24 “This is what happened when we went back to your servant my father: We reported to him the words of my lord. 25 But our father said, ‘Go again, and buy us a little food.’ 26 We told him, ‘We cannot go down unless our younger brother goes with us. If our younger brother isn’t with us, we cannot see the man.’ 27 Your servant my father said to us, ‘You know that my wife bore me two sons. 28 One is gone from me—I said he must have been torn to pieces—and I have never seen him again. 29 If you also take this one from me and anything happens to him, you will bring my gray hairs down to Sheol in sorrow.’
30 “So if I come to your servant my father and the boy is not with us—his life is wrapped up with the boy’s life— 31 when he sees that the boy is not with us, he will die. Then your servants will have brought the gray hairs of your servant our father down to Sheol in sorrow. 32 Your servant became accountable to my father for the boy, saying, ‘If I do not return him to you, I will always bear the guilt for sinning against you, my father.’ 33 Now please let your servant remain here as my lord’s slave, in place of the boy. Let him go back with his brothers. 34 For how can I go back to my father without the boy? I could not bear to see the grief that would overwhelm (find) my father.”
Our third and final main point we see from this section is that sinners respond with repentance and that repentance ultimately leads to reconciliation—though to see that in full you’ll have to come back next week.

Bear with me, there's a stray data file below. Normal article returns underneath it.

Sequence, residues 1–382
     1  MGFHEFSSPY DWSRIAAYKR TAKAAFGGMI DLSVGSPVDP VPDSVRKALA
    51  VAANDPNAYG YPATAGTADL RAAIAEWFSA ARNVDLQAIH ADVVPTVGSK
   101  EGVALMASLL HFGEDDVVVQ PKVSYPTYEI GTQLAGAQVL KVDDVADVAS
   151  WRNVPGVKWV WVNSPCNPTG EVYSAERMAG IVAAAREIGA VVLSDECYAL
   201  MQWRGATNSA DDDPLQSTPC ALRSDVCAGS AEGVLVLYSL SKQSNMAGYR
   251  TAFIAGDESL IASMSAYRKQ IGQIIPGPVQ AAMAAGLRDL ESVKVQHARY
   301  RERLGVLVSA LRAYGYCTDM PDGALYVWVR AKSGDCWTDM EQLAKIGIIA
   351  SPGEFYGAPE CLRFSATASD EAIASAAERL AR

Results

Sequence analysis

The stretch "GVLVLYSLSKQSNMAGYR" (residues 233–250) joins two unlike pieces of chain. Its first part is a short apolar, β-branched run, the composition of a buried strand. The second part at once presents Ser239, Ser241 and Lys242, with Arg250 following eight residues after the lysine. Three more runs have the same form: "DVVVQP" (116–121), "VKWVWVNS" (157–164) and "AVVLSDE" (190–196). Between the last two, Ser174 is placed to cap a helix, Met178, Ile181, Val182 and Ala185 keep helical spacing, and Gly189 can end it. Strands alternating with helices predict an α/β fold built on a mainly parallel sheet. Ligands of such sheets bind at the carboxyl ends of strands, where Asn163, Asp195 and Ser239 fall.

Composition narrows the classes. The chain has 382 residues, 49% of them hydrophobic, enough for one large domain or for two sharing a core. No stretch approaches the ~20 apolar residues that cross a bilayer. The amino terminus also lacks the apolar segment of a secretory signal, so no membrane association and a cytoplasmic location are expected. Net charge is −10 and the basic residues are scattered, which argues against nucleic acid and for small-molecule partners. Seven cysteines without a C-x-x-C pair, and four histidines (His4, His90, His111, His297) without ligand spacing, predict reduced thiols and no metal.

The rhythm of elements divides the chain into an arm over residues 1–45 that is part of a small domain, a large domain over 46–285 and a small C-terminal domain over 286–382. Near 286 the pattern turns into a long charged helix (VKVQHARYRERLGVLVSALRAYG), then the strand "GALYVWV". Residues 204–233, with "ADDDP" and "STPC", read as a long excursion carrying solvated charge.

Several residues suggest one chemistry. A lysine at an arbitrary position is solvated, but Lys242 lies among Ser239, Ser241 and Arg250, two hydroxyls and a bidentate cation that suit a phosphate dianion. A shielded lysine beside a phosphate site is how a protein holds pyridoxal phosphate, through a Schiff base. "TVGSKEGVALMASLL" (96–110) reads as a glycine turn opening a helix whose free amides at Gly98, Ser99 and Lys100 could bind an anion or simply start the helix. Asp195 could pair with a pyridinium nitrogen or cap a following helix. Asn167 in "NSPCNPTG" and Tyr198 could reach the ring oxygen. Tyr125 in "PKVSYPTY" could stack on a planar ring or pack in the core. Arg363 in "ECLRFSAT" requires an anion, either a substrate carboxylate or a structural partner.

But before we dive into that we just need to note the extremely remarkable character change that has taken place in Judah’s life during our study. In chapter 37 it was on his suggestion that the brothers sell Joseph into slaver. In chapter 38 we see his greed through the neglect of his daughter-in-law Tamar, who he then sleeps with, though he doesn’t know it’s her, and then when he finds out she’s pregnant his first impulse is to have her put to death. Last week we saw him put his relationship with his father, his honor—a very important thing in this culture—on the line so that Jacob would allow Benjamin to come with him. And today, in chapter 44 he literally offers up his own life to redeem Benjamin’s.
Judah recounts the interaction he had with his father, telling Joseph that Jacob would surely be overtaken with grief if the brothers showed up without Benjamin and asks Joseph to allow him to become a slave in Benjamin’s place.
Judah, here, recognized the impact his sin has on those he loves. That phrase at the end of verse 34: I could not bear to see the grief that would overwhelm my father. The word for grief there is evil again. . . the same one we looked at earlier. And overwhelm is the last instance of the word that was translated earlier as found. Literally, Judah says he couldn’t bear to see his own evil find his father because he knows his father can’t bear it.
Judah’s sin had finally broken him. And it caused him to truly repent. Notice, repentance is different than confession. Confession is recognizing sin, repentance is is turning away from sin.